Poultry Farming is Lucrative, Urges SACCO Member

In a society where chicken meat is costly, investing in poultry farming becomes a lucrative business as Amos Kiprotich and his wife Milka, members of DOVE Springs SACCO, can testify.

SANYO DIGITAL CAMERAThe couple acquired a loan from the SACCO and invested in poultry farming. To ensure they stand out among other competitors, Mr and Mrs Tanui reared Kuroiler Breed that originated from Arizona University and that have desirable features compared to other local breeds.

The couple explains that their investment is a good source of family income in that each hen lays an average of 200 eggs that they sell at Ksh 30 each. They add that they hatch the eggs too and sell a one-day chick at Ksh 100.

“Through the loan, we were able to build chicken houses, pay the staff managing the poultry farm and also buy vaccines for the hens,” adds Amos. In addition, they have been able to buy more land and even invest in rabbit keeping.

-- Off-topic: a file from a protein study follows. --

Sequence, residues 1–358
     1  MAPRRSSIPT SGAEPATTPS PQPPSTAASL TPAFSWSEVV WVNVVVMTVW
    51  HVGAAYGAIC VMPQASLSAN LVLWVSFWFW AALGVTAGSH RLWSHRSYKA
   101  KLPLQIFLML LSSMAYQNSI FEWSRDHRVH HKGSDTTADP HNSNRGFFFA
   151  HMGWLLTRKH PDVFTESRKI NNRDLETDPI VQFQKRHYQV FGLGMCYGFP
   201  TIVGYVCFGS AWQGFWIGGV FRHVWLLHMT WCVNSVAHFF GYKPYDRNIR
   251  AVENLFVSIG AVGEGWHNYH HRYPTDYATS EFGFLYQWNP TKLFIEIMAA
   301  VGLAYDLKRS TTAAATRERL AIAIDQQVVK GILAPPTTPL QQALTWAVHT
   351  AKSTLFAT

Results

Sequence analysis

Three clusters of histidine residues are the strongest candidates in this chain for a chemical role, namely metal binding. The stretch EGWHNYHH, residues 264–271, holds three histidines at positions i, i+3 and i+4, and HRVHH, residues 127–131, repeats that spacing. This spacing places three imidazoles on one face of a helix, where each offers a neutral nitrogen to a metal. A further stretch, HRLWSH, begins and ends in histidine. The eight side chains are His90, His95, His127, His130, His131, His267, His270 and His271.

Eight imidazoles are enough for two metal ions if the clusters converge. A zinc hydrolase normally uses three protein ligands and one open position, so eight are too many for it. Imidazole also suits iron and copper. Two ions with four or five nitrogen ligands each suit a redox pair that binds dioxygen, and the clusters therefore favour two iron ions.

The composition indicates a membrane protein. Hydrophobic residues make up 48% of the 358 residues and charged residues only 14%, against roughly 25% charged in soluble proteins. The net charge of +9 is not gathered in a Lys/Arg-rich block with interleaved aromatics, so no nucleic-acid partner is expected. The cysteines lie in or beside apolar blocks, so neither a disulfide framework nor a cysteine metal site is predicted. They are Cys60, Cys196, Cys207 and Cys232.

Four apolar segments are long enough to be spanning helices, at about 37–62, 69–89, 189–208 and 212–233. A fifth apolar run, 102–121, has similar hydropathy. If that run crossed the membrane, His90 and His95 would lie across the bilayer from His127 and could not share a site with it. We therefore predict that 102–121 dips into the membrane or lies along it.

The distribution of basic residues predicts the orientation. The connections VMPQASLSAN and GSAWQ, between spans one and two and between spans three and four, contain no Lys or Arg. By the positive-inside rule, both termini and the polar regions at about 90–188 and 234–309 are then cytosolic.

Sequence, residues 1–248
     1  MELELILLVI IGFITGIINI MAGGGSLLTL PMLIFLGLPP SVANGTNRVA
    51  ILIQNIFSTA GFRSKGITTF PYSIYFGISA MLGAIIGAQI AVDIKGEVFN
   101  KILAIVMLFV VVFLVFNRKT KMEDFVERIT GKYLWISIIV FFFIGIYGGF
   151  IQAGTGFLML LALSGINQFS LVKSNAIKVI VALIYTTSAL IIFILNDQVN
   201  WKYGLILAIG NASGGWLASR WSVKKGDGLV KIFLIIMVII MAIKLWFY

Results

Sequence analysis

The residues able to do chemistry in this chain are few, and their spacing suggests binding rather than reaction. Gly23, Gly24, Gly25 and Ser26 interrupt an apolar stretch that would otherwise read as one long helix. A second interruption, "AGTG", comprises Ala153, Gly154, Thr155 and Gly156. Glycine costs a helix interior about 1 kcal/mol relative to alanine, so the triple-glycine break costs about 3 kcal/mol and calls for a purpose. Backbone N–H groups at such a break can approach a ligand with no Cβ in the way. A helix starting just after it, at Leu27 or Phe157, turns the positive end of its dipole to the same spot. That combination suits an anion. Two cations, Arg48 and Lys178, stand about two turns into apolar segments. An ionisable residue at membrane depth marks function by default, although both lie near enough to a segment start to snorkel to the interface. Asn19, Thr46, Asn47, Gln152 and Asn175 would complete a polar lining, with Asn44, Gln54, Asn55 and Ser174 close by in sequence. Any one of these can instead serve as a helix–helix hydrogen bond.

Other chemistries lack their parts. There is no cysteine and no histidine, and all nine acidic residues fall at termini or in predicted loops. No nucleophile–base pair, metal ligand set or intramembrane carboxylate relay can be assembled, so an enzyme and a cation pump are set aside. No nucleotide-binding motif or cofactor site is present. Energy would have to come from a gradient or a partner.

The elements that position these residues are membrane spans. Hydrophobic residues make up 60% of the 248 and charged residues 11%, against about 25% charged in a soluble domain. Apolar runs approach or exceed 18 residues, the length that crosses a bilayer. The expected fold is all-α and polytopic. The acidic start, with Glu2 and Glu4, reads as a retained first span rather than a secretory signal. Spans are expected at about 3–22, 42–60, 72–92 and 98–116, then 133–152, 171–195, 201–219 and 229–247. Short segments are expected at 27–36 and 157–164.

With their second loan, Mr and Mrs Tanui bought a motorbike, and have employed a driver to ferry passengers and also transport eggs to the markets.

Amos and Milka hope to acquire another loan soon and be able to buy their own incubatorSANYO DIGITAL CAMERA to reduce on the cost of leasing it out which is expensive. They also plan to invest in livestock farming.